How To Become A Vegan or Vegetarian

This is part 5 and last in the series - continued from part 4 on how to become a vegan or vegetarian; Read part 1 here

Tip # 4: What about children or spouses and partners?

My sweetheart and I are both vegetarian - so we're good there.

But our daughter is 13 and she has never quite warmed up to this notion of ditching meat from her diet. Girl loves her beef burger.

The way we've handled it? We've taken the time to talk to her about why we're vegetarian from both a health and ethical perspective.

We have lively discussions at the dinner table often, and she gets it.

However, we don't force our lifestyle choice on her.

At home, we don't cook or buy meat of course, but when she's out at friends' houses, it's up to her.

As far as gluten free eating though, it's pretty much the standard at our house. This is because I'm the one that cooks most of the time, and I'll be damned if I'm going to spend double the time in the kitchen cooking a different meal for everybody.

When we go out to eat however, by principle we do not pay for non-vegetarian food. So if she wants us to pay for her food, she does have to order vegetarian.

But it's not just her. When we eat out with friends, we don't pay for non-vegetarian meals either. And we're fine with them not paying for our vegetarian meals if they so choose.

Immediate Family

Regarding spouses or live-in partners, that gets a bit tough.

If your spouse isn't vegetarian, and won't indulge you in becoming one, this is going to be your call as to how much fuss you're going to make about it.

It's your lifestyle. I do think it's going to be a bit difficult if your life partner is a hardcore meat eater and you've become a vegan or vegetarian, but I've seen people do it.

For me personally it'd be difficult. Vegetarianism isn't just a dietary lifestyle for me. It's an identity. So I would find it incredibly difficult even to have meat in my fridge, let alone cook it for a partner.

But if you chose to become a vegan or vegetarian after you'd already committed to being with this person, you do have to look at in perspective, no?

I have a friend Tracey, who is vegetarian, but her husband and two boys are meat eaters. She normally has to prepare a meal for herself and separate meals for her family.

Another friend Ginny is a raw vegan, but her husband eats meat. She draws the line at cooking for him. He can have the meat in the fridge and eat it as long as she doesn't have to cook it.

She does the same with her (adult and married) daughters. When they visit with her grandkids, she just lets everyone cook for themselves if they wish, but she prepares vegan food for family meals.

I think you can only do your best. No need to create antagonism or force your lifestyle upon others. My friend Ginny has seen her daughters visit her less and less because of her lifestyle change, but she's okay with that.

Family as Excuse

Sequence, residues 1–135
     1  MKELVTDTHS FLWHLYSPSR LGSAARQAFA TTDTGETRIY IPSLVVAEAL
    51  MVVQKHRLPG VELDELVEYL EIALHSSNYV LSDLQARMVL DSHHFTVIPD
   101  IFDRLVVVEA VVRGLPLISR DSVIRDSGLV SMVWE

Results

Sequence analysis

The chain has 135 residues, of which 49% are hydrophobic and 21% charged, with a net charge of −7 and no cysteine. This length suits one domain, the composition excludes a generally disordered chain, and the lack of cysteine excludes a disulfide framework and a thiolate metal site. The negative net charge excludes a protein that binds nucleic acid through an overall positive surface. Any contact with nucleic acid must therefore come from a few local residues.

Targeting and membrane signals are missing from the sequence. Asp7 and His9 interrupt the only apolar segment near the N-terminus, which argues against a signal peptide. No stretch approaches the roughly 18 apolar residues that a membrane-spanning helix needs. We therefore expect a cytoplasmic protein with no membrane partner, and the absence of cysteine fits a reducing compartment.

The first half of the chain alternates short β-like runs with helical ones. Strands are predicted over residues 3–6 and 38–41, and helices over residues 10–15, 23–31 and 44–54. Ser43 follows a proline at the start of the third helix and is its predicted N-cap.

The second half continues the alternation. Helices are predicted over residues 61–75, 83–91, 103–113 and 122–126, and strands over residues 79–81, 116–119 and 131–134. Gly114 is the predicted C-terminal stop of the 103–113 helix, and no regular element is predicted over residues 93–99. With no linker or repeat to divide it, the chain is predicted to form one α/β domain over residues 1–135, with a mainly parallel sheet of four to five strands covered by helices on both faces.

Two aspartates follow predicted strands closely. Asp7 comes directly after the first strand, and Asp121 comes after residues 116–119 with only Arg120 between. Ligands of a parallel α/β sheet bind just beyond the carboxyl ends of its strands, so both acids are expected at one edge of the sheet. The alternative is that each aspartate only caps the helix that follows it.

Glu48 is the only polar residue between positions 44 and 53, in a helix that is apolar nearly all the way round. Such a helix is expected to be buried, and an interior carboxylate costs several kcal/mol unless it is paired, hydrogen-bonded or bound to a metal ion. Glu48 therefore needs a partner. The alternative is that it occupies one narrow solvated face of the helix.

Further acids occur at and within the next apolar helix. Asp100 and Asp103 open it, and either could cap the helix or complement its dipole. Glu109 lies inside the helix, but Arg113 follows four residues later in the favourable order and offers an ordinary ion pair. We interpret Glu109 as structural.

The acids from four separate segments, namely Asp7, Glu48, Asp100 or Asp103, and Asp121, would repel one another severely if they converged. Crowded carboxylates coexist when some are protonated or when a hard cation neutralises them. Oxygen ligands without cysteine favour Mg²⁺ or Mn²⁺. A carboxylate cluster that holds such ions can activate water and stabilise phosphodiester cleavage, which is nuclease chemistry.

I see so many people use their family as the excuse for why their vegetarian or vegan lifestyle didn't work out.

My take is that if you're anything over the age of 18, there's no reason your family should have to determine your dietary lifestyle unless you're handicapped and/or physically dependent on them.

Tip #5 Join a Support group

Becoming a vegetarian or vegan is a radical lifestyle change.

But it's not radical because it factually is, but because our society is programmed to see meat eating as the "norm" and anything that rejects it as weird.

Isn't that weird? ;)

I can't tell you how many times my own friends look at me funny when I tell them I can't go to a certain restaurant with them because it isn't vegetarian-friendly.

A few times I've had somebody retort, "but they DO serve salad". And they aren't even being facetious.

Some people really do think that vegetarians eat only salad. Heck, even raw vegans eat a little more than just leaves!

How To Connect With Other Vegans and Vegetarians

So, because it is a non-mainstream lifestyle, you will be well served to join some kind of a support group when you become a vegan or vegetarian, at least at first. And in this day of internet connection, this shouldn't be a problem at all. is the first place I'd look for local support groups.

Vegans and vegeterians, as well as gluten freers will normally have local meet ups where they meet and share recipes, learn to cook, or even just engage in other social activities altogether.

Other great places are online forums. Just look around the internet and see if there are any discussion boards that speak to you.

If you do decide to go online forums though, be warned that there can be a lot of noise and arguments on various discussion boards, depending on how they are focused.

So choose wisely.

You just started a new and what can be an overwhelming lifestyle in the beginning. Your family probably doesn't get it or is putting you down. The last thing you need is to go engage conclict with strangers, some of whom are probably just trolling behind computer screens.

When I first decided to become a vegan, I got somewhat lucky because I had a friend who'd recently become a raw-foodist. She had started doing meetups for vegans and vegetarians plus anybody curious about the lifestyle.

One thing I found incredible was that these types of people were also engaged in conscious personal growth and alternative lifestyles.

These folks were therefore incredibly fun to hang around. It gave me a chance to make great friendships with like-minded individuals.

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› Part 5

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